What we reap, we will sow…

First published 21st October 2014
The Bishop of Blackburn, Julian Henderson, a contemporary of mine at Ridley Hall, made the national news recently by seeking to define some reality for his diocese.

He warned that the Church of England must make wholesale changes to halt the slide in attendance, or wither away in the 21st century. Bishop Julian said he feared unless the Church reinvented itself in that diocese, it would disappear like the regions textile industry. He made the warning as he launched a 12-year-plan to attract younger people to the Church.

At one level this is potentially depressing stuff. But sometimes, reality is depressing. However unless reality is defined and described, the danger is that we simply drift into oblivion.

The Church of England is rightly proud of its parish system. It has many strengths, but in dioceses up and down the country it is now clearly under threat. This is for a number of reasons:

Predicated on the belief that a parish must have a paid person or part of one to exist, it is a very expensive system to maintain. On the basis of current financial and numerical trends across the country it looks to be obviously and increasingly unaffordable. Without some improvements, I reckon on the basis of present trends that this Diocese has a six to ten year window of opportunity to think and act again before we reach that point where our infrastructure is so degraded that we would find it difficult to stop inevitable and terminal decline. This means we have to act now.

The advent of dormitory suburbs in post-industrial Britain means that we have many parishes where people do very little but sleep. Our incarnational commitment to local and indigenous ministry is obviously undermined in parishes where no-one is at home.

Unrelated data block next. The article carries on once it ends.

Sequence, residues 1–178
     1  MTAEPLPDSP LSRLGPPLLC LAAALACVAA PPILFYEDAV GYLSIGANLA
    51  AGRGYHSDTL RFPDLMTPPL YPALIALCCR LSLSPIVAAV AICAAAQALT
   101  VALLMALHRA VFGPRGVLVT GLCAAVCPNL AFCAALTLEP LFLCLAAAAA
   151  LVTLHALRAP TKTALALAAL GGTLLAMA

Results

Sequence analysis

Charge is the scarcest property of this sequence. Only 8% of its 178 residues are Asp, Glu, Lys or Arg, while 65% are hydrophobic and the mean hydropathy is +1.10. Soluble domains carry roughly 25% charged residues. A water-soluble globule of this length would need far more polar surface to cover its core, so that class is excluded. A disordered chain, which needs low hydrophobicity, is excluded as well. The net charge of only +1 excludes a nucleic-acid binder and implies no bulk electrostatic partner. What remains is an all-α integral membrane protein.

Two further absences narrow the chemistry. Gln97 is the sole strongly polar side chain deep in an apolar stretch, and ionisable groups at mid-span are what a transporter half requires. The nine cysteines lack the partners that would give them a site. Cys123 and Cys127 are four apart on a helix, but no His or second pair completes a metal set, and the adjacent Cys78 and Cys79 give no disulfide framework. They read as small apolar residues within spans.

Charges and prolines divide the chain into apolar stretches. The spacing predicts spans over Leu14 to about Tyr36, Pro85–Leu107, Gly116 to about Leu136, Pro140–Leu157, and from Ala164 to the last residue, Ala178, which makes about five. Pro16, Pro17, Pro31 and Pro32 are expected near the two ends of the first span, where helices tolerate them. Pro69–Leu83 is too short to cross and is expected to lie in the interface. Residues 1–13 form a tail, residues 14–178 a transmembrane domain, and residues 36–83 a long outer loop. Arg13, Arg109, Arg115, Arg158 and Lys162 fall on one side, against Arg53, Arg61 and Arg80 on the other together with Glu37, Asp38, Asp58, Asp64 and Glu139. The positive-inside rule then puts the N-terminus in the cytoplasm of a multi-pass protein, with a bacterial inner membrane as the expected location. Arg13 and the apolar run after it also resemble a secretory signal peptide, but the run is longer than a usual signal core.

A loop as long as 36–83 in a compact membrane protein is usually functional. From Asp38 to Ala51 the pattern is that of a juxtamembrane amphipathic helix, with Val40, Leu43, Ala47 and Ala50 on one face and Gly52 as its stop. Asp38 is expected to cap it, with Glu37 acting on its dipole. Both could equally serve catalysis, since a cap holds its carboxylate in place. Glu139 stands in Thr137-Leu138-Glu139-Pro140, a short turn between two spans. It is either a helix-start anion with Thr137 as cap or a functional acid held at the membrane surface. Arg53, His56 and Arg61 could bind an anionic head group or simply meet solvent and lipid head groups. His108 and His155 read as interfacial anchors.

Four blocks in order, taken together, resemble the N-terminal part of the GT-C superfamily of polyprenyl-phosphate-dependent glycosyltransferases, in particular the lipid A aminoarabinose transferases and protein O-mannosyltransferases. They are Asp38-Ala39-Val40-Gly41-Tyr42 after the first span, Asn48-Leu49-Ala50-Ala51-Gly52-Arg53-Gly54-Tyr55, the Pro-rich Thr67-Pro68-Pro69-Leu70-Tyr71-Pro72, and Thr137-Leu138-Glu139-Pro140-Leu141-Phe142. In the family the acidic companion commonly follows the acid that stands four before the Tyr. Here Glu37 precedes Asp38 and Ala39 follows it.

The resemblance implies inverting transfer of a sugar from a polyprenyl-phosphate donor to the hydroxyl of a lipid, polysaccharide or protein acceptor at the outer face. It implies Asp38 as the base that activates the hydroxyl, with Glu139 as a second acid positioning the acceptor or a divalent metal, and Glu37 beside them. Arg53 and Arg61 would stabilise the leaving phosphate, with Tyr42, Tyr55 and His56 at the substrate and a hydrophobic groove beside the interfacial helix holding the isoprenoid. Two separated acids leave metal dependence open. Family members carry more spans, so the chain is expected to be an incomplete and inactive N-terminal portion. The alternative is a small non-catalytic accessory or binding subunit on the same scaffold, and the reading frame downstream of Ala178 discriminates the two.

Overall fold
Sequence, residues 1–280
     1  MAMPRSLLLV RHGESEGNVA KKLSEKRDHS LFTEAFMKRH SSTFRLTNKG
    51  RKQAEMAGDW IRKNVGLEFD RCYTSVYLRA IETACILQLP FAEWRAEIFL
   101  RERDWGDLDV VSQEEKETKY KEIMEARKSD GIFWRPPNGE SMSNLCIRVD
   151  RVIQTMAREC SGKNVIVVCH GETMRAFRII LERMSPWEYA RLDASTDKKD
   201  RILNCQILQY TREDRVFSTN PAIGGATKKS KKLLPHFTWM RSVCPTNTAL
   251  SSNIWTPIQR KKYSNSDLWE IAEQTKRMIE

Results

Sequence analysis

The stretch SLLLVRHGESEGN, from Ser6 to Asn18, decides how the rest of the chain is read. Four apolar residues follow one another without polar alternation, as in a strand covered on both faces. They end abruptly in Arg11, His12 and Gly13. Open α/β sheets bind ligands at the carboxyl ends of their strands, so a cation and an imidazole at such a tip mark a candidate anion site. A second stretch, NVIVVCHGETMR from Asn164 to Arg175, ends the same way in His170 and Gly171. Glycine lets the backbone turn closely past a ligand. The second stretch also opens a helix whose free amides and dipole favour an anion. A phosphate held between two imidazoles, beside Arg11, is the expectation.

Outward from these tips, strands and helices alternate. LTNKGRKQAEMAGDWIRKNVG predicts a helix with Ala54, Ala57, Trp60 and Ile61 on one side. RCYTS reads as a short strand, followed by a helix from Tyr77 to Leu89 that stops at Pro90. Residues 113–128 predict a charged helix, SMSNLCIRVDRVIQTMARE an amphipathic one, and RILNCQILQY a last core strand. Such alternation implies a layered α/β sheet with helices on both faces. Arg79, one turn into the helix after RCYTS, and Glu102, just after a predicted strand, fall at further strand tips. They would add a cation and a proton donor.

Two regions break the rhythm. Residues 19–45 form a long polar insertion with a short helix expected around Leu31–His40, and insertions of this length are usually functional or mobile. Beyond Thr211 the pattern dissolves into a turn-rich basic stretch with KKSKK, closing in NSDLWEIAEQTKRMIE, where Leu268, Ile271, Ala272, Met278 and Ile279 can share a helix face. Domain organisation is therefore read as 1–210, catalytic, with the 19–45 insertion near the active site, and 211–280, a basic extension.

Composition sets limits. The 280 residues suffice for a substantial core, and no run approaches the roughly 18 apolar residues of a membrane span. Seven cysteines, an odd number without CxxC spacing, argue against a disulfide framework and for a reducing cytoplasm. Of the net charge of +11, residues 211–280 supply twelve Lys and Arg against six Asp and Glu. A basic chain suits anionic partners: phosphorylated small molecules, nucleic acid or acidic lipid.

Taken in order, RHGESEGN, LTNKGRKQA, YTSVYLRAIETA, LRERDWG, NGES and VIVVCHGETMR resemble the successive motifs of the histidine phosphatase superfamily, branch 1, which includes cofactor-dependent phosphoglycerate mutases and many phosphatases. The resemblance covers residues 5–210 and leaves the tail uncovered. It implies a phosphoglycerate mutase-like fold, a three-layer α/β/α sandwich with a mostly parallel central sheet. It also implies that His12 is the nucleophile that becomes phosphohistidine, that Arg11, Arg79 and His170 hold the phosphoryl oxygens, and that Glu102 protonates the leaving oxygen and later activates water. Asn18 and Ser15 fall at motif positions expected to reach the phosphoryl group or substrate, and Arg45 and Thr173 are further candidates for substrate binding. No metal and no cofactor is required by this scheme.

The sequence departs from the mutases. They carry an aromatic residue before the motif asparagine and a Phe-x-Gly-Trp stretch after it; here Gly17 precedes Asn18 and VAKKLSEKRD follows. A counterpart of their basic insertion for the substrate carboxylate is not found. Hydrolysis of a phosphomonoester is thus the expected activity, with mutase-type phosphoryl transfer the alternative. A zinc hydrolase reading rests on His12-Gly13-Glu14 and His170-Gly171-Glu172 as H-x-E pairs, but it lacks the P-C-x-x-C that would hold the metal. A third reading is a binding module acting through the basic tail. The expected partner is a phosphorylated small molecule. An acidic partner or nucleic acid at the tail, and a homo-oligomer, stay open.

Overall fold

Our strapline as a national church is a Christian presence in every community'. This is laudable, other than the fact that our culture interprets this as being a neo-Gothic building with a paid clergyperson (or a piece of one) living in a largish house.

This would lead us to two possible solutions. One, we scrap the parish system and think of something else. Two, we seek to re-imagine how we deliver parochial ministry in a way which is affordable, serves every community and provides a structure for the kind of holistic growth which is the focus of our strategy.

Let me be very clear about my choice. I am not advocating the scrapping of the parochial system. I am very clearly asking the question as to whether we can re-imagine it along the lines of the paragraph above.

I have said many times that the evangelization of this Diocese and this nation, will in my view, inevitable rely on us releasing the energy of volunteers, ie fewerpaid people. I am not naive about the challenges this creates:

Were all busy people, who has the time?

We only value what we pay for in our wider culture

The more you spread authority for ministry across the Church, the more complex the issues of structure and accountability become.

These are all issues with many others that we need to do further consultation and thinking about.

However, there is a further issue that has to be flagged and this is yet more difficult for us to own. Its the issue of what we are doing. I think this is very hard

The first issue is that the kind of worship we put on offer in certain sociological contexts is so far removed from the culture of those contexts, it will only ever appeal to a certain kind of person within a certain age group. At the same time, we have a core of faithful and devoted worshippers, many of whom have been attending and supporting the Church for years who like and value what they experience. This fact and these people cannot and should not be ignored.

This would argue for maintaining what we have, but adding to the mix more accessible and culture specific services to seek to reach the unchurched hundreds of thousands in our midst.

Messy Church is a start and I applaud those who have taken this initiative seriously, but there are other initiatives that can and, in my view, must be explored.

I appreciate that such a postmight be viewed as negative. But surely our faith, of all faiths, is able to face the whole truth. In some ways that is what the Cross is about. This is the reality that we struggle with and I would like every parish to have full permission to ask themselves this question.

What do we need to do locally, in a post-Christian mission world to seek to engage, challenge and disciple those unchurched people within our sphere of influence?

Paul once wrote, I sowed the seed, Apollos watered it, but God gives the growth."

I think we need new ways to sow and to water and we need them soon.


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